Today I am truly honored to have as my lunchmate an 84 year old former NYPD detective who had his first pizza at John's in 1951. For the second time in as many months I meet someone who seems to be much younger than their real age (though he's not nearly as attractive as the first one).

One thing has not changed about John's though -- the decor remains stuck in the fifties. In what seemed to be some previous epoch, the enlightened management let kids carve their initials and messages of love into the wooden booths. There has been a moratorium on that only because there is no longer any room left (just as well in these terror stricken times not to see knife wielding youts as Joe Pesci would say) . The two murals on the walls have been there as long as I can remember and as god awful as they are I would probably start a picket line if they were ever replaced. The work of a truly bad artist on a really bad day they lend a comfy feel to the place that no high priced art could improve upon.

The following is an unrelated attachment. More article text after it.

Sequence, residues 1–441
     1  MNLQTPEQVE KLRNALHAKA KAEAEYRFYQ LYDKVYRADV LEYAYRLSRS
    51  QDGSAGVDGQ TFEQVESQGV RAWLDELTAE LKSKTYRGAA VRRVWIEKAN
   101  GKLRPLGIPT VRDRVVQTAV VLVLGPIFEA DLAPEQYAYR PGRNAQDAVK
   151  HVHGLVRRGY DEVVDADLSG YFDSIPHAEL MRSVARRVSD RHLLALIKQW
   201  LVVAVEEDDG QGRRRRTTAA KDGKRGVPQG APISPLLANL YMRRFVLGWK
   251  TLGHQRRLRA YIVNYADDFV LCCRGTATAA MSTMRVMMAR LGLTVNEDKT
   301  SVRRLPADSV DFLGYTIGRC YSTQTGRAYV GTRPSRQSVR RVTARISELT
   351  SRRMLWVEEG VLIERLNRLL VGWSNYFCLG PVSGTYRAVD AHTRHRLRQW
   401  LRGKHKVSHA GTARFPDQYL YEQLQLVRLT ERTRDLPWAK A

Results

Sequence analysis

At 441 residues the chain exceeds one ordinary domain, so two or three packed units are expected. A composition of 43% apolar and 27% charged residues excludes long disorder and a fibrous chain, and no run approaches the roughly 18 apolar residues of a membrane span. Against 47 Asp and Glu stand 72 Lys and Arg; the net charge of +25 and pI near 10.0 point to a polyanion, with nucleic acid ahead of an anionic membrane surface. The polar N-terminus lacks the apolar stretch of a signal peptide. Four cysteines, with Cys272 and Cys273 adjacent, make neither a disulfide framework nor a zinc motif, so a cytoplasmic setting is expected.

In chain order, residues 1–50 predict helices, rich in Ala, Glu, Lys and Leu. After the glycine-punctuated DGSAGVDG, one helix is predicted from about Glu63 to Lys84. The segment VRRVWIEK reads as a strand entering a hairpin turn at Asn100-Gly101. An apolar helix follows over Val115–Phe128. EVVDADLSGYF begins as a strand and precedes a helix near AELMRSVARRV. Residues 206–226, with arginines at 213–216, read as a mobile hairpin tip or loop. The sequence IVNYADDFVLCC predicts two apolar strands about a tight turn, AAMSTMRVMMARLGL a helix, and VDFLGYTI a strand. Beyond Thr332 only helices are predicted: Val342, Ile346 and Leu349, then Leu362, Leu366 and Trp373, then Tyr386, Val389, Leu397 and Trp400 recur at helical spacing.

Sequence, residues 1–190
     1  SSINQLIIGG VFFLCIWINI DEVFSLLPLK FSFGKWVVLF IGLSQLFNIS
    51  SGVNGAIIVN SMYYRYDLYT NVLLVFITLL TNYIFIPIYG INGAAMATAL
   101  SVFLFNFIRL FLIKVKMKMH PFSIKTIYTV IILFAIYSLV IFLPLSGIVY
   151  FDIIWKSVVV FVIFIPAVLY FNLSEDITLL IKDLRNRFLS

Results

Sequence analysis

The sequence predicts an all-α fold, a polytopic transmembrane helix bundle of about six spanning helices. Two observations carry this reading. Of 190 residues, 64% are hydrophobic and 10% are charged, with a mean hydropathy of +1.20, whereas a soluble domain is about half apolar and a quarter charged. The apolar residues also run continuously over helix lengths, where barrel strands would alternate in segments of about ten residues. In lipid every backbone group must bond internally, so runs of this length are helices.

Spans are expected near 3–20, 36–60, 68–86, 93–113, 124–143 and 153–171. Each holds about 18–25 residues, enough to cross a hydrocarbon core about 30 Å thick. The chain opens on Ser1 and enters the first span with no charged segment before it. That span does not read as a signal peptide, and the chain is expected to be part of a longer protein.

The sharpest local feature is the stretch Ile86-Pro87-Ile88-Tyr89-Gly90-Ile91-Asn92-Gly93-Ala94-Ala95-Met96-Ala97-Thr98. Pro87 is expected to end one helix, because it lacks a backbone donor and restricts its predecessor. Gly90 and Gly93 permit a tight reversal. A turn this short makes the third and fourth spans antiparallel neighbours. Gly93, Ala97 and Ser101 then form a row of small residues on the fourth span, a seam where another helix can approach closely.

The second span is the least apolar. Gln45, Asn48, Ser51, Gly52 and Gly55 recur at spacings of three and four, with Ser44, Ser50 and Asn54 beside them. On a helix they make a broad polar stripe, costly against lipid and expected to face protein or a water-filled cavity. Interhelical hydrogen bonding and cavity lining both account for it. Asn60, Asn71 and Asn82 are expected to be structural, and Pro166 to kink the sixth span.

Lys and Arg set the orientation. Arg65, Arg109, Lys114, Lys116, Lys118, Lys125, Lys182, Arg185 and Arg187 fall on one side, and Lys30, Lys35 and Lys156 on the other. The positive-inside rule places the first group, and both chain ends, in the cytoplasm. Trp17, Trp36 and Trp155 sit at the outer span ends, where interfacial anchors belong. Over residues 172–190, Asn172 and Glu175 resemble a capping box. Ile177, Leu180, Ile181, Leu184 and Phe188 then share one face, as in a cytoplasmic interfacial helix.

As the day ends I make a resolution to pull out the books I have on Greenwich Village and actually read them. That should keep me occupied at least until next week when I get a chance to visit again.

P.S. As I write this I am listening to Tracy Chapman's debut album on my iPOD. I never got to see Tracy Chapman perform in Harvard Square but if I were writing my memoir you can bet I'd work her in somehow. Maybe I'd even do a duet with her. And since it's my memoir I'd even sound good.

Wednesday, January 04, 2006

The Patient From Hell